According to court documents from the Judicial Panel on Multidistrict Litigation, as of November 16, 2015, there were 2,266 lawsuits consolidated in MDL 2592, before US District Judge Eldon Fallon. That’s up significantly from the 1,698 lawsuits consolidated as of October 15, 2015.
Xarelto, known generically as rivaroxaban, is a newer-generation anticoagulant, used to reduce the risk of blood clots and strokes. It, like other newer anticoagulants, were developed as an alternative to Coumadin (known generically as warfarin), because Coumadin required regular blood monitoring. Because anticoagulants prevent blood clots, however, they are associated with an increased risk of serious bleeding events.
Coumadin has an antidote in the form of vitamin K. Patients who took Coumadin and experienced a serious bleeding event could be given vitamin K and have the anticoagulant effects reversed. Newer-generation anticoagulants, however, were approved for use on the market without an antidote. That means if patients experienced a bleeding event, they would have to wait for the drug to leave their system. Plaintiffs allege if they had known there was no antidote to Xarelto, they would not have used the medication.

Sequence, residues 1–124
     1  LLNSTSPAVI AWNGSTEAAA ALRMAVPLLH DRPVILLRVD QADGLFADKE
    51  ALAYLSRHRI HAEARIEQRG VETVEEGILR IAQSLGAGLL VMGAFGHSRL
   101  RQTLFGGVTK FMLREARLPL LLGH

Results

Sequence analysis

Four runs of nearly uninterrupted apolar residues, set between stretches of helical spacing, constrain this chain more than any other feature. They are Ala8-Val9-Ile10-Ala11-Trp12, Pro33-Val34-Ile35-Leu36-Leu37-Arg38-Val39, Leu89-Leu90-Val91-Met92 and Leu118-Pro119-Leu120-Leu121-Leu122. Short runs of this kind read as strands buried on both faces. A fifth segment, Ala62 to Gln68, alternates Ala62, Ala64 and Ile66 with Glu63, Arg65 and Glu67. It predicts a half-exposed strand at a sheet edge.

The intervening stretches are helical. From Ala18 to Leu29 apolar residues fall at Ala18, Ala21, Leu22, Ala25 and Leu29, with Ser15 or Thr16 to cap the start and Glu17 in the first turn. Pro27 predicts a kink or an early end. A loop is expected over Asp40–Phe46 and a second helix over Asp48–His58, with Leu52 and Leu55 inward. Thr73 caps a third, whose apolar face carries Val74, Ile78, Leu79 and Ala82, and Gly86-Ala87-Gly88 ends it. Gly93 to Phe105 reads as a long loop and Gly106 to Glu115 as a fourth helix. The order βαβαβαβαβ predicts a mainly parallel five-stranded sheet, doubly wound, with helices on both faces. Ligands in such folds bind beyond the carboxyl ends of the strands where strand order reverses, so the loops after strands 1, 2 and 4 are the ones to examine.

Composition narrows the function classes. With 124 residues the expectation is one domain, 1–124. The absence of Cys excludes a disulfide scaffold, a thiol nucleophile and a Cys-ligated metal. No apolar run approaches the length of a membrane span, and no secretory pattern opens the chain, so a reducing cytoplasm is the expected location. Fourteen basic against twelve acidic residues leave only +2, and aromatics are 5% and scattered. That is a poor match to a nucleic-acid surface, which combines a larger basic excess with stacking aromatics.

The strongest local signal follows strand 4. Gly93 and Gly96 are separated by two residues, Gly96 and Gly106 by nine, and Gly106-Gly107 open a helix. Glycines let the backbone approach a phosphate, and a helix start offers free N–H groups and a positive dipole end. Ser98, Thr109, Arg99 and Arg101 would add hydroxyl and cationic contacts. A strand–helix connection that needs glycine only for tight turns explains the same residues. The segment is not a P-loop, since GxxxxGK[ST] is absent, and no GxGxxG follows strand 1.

The first bellwether Xarelto trials are expected to go to court early in 2017, meaning there is still time for patients who were affected by Xarelto to file lawsuits.
One such lawsuit was filed by Ashlie Fluitt, whose grandmother died while on Xarelto therapy. The patient, Hattie Deville-Goodwin, was prescribed Xarelto in September 2014 to treat deep vein thrombosis. Only two months after she began using Xarelto, Deville-Goodwin experienced an intracranial bleed, which became an “irreversible and fatal bleed.” She died on November 14, 2014, according to court documents.
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The lawsuit is Fluitt v. Janssen Research & Development, et al, case number 2:15-cv-05874 in the US District Court, Eastern District of Louisiana.